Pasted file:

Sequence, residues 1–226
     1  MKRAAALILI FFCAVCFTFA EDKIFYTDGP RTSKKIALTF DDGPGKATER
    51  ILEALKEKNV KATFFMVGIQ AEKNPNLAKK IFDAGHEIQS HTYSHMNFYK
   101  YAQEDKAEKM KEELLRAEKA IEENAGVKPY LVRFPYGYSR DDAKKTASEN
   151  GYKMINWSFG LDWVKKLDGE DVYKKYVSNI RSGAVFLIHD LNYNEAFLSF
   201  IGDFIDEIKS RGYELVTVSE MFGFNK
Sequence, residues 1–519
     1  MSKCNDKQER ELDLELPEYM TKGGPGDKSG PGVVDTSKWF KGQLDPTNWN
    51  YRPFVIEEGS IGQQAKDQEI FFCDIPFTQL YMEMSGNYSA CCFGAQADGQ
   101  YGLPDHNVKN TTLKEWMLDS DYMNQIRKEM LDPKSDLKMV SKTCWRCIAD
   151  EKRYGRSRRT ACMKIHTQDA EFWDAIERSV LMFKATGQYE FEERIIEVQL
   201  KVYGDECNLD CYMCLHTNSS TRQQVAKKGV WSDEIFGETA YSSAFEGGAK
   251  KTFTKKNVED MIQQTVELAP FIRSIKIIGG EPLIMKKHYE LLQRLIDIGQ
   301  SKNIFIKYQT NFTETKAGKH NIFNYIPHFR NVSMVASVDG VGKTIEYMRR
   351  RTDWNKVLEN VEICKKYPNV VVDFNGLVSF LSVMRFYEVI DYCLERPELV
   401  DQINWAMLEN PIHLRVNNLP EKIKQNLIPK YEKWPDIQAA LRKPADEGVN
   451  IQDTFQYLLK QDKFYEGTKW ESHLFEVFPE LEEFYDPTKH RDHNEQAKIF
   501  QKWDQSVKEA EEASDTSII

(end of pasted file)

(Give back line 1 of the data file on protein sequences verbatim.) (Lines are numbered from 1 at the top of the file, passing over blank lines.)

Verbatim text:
Sequence, residues 1–226